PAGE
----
MANILA – The Supreme Court has upheld the 2003 ruling of the Court of Appeals reversing the award for damages against Senator Panfilo "Ping" Lacson and several others stemming from alleged torture incidents during the Martial Law regime.
In a 24-page ruling, the SC's Third Division through Associate Justice Jose Catral Mendoza, said that the CA acted correctly when it reversed the findings of the Quezon City Regional Trial Court in 1993 that Lacson, the late Armed Forces of the Philippines Chief of Staff Fabian Ver and several others should pay damages to suspected subversives they allegedly arrested and tortured at the height of the martial rule of then President Ferdinand Marcos.
The SC said that Lacson, Ver together with Colonels Fidel Singson; Rolando Abadilla; Gerardo Lantoria and Galileo Kintanar; Maj. Rodolfo Aguinaldo; 1Lt. Pedro Tango and M/Sgt. Bienvenido Balaba were deprived of procedural due process when they were ordered by the Quezon City RTC to pay damages without giving them the chance to give their side.
"Procedural due process is that which hears before it condemns, which proceeds upon inquiry and renders judgment only after trial. It contemplates notice and opportunity to be heard before judgment is rendered affecting one's person or property," the SC said.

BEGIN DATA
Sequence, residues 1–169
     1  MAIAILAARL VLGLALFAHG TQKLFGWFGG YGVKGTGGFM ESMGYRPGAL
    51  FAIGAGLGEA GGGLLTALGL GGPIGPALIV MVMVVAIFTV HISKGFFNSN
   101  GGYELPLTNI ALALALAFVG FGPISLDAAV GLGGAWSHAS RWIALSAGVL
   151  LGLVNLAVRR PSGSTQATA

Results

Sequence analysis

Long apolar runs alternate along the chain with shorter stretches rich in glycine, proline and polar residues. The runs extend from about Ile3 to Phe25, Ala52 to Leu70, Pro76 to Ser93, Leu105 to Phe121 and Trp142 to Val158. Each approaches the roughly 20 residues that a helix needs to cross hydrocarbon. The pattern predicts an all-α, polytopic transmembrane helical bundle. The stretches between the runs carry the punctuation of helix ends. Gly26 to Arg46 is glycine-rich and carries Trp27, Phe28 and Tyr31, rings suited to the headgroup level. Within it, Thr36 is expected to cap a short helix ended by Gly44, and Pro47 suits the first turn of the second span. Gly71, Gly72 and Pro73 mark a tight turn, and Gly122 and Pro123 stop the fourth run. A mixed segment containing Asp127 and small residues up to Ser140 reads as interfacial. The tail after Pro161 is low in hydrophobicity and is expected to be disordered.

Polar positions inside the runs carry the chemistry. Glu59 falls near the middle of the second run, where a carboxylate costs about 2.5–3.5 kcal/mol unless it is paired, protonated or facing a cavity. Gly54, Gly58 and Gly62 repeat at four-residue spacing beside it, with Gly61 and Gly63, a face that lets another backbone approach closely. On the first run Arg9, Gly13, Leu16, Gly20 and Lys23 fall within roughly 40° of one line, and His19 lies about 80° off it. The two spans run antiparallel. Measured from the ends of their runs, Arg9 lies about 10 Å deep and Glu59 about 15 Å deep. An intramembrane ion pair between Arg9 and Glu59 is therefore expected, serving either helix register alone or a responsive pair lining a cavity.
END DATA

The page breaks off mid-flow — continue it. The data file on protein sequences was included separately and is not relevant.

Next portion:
In 2003, the CA said that petitioners Rogelio Aberca, Rodolfo Benosa, Nestor Bodino, Noel Etabag, Danilo Dela Fuente and 14 others did not follow the Quezon City RTC's Aug. 17, 1990 order that they should report the addresses of Lacson and the other respondents in order that they be properly notified by the court.
The RTC eventually dismissed the case but it was reversed a year later and allowed petitioners to serve the notice to Lacson and the other via publication.
The notice to Lacson and the others were published in Balita newspaper in 1991.
However, Lacson and the others failed to answer the complaint for damages thus they were declared in default and allowed petitioners to submit evidence.
The RTC, based on the evidence presented, ordered Lacson and the others to pay jointly P350,000 each as damages to the petitioners.
The RTC decision was reversed by the CA in 2003 and remanded the case to the lower court.
"The rules on service of pleadings, motions, notices, orders, judgments and other papers were not strictly followed in declaring the respondents in default," the SC said.
It also dismissed the arguments raised by petitioners that publication of the notice to Lacson and the others was "to safeguard the defendants (Lacson, et al) and was done in pursuant to the inherent power of the courts to control its proceedings to make them comfortable to law and justice."
"The exercise of such inherent power must not violate basic court procedures and must not disregard one's basic constitutional right to procedural due process," the SC said.*PNA
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